INTERVIEW

Angela Lester

Brands cannot succeed without creating exceptional experiences

 

Angela, how would you summarize your 20+ years of experience in primary research, analytics, digital and business strategy, and product and service design?

I started in 1995 in primary research, educational CD-ROM and 3D game design and shifted to more and more of a B2B focus with time because, as people got into the same business, they followed what they understood more easily and left the B2B world behind. What interests me is to go where others have not yet. And the B2B digital world needed a lot of attention. Now we realize that people are people and what motivates us in business versus our personal life is starting to become almost identical. So, after all these years and many shifts I realize that one never stops learning and growing. As new technologies and interaction models are created, our behavior also changes and that affects who we are, what we need and therefore the relationship we have with people and brands. In my business, the only thing that stays constant is that we are in a service business that requires exceptional skills with people; our clients, understanding the end customer and the team we need to work with to execute. The rest is always changing; new technologies, new innovations, new perspectives, new companies starting up and disrupting the leaders in their markets, new needs. What keeps me doing this every day is my passion for people and creating great experiences. And after all these years, I don’t think I am ever satisfied with what I have created. It can always be done better and I love to figure out how to do that even though I cannot control some variables that can affect the vision (timing, budget, clients, processes, etc.)

 

How would you define your current professional life as CEO of K Street Partners?

I am at a stage in my career where I waiver between being a CEO and being an Experience Strategist. My passion has always been in creating exceptional experiences and I treat the company in the same way as I do any project. K Street is simply another project for me. How can we create the right experience for exceptional people to work in? How can we break the boundaries of traditional business models that no longer serve us? How can we make people feel truly passionate about their life and work at the same time? How can I balance the companies need (i.e., profitability) with what my employees need (i.e., time to think)? These are examples of questions I ask myself on a daily-basis. So, at the end of the day, I define my professional life as a great experience!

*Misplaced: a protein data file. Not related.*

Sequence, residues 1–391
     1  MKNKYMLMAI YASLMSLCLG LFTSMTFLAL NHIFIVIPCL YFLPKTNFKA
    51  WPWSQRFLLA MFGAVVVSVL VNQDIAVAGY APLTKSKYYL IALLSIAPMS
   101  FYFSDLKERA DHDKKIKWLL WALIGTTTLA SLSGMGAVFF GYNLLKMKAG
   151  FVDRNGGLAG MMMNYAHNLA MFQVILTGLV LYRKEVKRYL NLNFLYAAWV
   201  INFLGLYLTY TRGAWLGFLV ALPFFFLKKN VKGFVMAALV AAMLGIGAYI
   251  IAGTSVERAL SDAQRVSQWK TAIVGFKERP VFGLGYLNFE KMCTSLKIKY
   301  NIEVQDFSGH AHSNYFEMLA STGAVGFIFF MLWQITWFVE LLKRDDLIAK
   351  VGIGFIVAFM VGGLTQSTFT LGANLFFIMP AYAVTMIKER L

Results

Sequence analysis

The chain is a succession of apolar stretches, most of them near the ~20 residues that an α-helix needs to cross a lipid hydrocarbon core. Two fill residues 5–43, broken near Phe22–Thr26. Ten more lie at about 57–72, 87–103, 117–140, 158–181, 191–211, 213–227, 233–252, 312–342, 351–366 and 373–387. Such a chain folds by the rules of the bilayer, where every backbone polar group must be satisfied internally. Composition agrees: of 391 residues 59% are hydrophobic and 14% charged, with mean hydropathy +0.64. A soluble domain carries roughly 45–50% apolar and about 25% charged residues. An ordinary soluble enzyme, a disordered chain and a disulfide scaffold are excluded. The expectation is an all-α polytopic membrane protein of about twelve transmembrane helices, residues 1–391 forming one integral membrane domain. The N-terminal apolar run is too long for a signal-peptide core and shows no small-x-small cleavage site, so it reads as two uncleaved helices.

On Wednesday, June 21st in Madrid, you will be joining us at EXF17. Can you give us a brief sneak-peak into “Ideas Die in the Conference Room”?

I will be focusing on how we leverage user experience best practices in the way we run the company, to help free up time and allow people to really live their lives in a way that affects the work they do and the perspective they have on their work. I believe this creates happier employees and better products and services for our customers.

 

How do you see the evolution of UX in Spain? How do you think we can improve?

I have not worked enough in Spain to really see what it looks like. My interaction has been mostly with one company who is very strong in UX. But my guess is that it fell behind most other skill-sets just like it did in many places in Europe. However, what I am seeing from many places in Europe is that there is a real art to the way UX is done. In the US it is something that had to be forced down people’s throats. Most companies and clients did not understand the value of it. This is changing in the US and the value is being placed more and more on UX, but in Europe it seemed to have leapfrogged and the work is really beautiful to see. Perhaps, the one area that is still not as strong is the understanding of how to use primary and secondary research as well as analytics and other data to inform the UX. That may be the biggest area needed for improvement. But I am sure there are others that I may not be aware of since I have not had the pleasure of working in Spain for enough time.

 

And lastly, can you tell us what you think is the biggest challenge facing not only brands, but also users, in terms of UX in the coming years?

I think UX has to be continuously redefined. When I started, UX was about wireframes and site maps and interaction models. Now you cannot be a UX person without having many other skills. For example, it is getting harder and harder to separate UI and UX. And you can no longer do things in pages and pages of wireframes, it has to be prototyped. And at the end of the day, the experience you are creating is what will make a brand successful or die. So you have to understand business strategy, operational models and branding and how UX will affect that. It has become a practice or skill that really holds a whole project together because everything has an experience component to it now-a-days. Brands cannot succeed and differentiate without creating exceptional experiences. And those experiences cannot only be short-lived, beautiful campaigns. They have to be the “platform” to truly impact some’s life or business in a meaningful and measureable way.

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